Blogging Cardinal

Cardinal Sean O'Malley

A few days ago I blogged about a widely-reported situation at a parochial school in Hingham. The school rescinded an offer of admission to an 8-year-old boy after learning that the boy’s parents were a lesbian couple. Yesterday Cardinal Sean O’Malley, the Archbishop of Boston blogged about this as well, his first public comments since the news broke and went national.

Here is his post and here is the Boston Globe article reporting on his post. I must say I’m impressed that a Roman Catholic cardinal blogs and also allows people to comment. I can’t speak to how the responses are filtered but it’s encouraging. The as-of-right-now fourteen comments are on both sides of the issue yet the tone of the debate is respectful.

I feel that the cardinal tried to please all sides — the conservatives, the church’s pastor, and those seeking compassion for the family. Perhaps that’s why he’s a cardinal. From my perspective as rector of a church up the hill from St. Paul’s, I still strongly disagree with the parish’s decision. Not that they would particularly care what I think — but, then, that’s what blogs are for!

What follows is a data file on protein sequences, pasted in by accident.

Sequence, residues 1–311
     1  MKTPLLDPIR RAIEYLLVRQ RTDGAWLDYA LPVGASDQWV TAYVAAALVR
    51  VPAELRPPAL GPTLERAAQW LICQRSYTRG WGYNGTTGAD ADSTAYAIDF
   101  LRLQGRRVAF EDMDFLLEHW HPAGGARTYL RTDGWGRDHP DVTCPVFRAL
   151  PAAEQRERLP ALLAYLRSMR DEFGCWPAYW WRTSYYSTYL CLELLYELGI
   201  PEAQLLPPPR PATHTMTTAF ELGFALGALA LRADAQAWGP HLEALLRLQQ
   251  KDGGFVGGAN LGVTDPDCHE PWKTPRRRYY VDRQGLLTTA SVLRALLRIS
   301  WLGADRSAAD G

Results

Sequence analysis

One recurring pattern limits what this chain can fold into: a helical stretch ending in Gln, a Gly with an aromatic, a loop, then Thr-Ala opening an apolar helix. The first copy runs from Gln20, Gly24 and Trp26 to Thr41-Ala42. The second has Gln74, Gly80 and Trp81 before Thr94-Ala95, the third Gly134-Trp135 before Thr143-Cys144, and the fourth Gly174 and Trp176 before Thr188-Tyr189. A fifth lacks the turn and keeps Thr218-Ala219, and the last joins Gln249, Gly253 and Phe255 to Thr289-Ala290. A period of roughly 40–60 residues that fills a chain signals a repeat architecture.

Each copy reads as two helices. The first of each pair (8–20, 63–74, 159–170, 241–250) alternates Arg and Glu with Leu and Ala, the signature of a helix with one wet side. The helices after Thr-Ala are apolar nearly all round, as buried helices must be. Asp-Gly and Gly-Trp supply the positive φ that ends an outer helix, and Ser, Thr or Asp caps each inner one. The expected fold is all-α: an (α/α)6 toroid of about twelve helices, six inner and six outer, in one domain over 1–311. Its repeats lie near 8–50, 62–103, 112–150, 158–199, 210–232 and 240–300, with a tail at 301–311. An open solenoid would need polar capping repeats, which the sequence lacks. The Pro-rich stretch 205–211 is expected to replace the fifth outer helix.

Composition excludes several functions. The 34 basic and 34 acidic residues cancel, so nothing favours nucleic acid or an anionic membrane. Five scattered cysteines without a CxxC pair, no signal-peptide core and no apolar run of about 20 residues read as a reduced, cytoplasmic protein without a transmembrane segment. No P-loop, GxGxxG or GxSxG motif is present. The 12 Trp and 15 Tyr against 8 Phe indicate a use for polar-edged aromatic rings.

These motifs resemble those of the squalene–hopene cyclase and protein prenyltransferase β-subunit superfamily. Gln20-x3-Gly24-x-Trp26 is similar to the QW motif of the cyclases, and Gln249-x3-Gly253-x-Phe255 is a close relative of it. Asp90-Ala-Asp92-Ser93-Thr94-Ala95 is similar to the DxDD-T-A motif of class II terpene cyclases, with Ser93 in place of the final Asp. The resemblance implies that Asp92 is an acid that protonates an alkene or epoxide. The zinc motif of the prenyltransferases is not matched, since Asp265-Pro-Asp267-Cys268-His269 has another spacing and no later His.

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One Comment on “Blogging Cardinal”

  1. Bob Chapman says:

    I saw the comments by Archbishop Seán Cardinal O’Malley as one of the following:

    * Talking out of both sides of his mouth.

    * Preparing the way to reverse the decision by the pastor of the parish while preserving his dignity and authority.

    * All of the above.

    If Cardinal O’Malley believes his parochial schools present the correct moral teachings, you would think he would want this boy to hear them. It is something the boy won’t hear at home.

    If the pastor and Cardinal O’Malley have concerns about other parents in the school, they should point out that their belief in catching cooties from a student is just as childish as boys thinking they will catch cooties from girls.

    Or, is that the point?

    Boys are afraid of catching cooties from girls, somehow diminishing what it means to be a boy. Is the boy of lesbian parents somehow less a boy?

    If given a chance, I’m sure that boy of lesbian parents probably would still try to spell his name in the snow.


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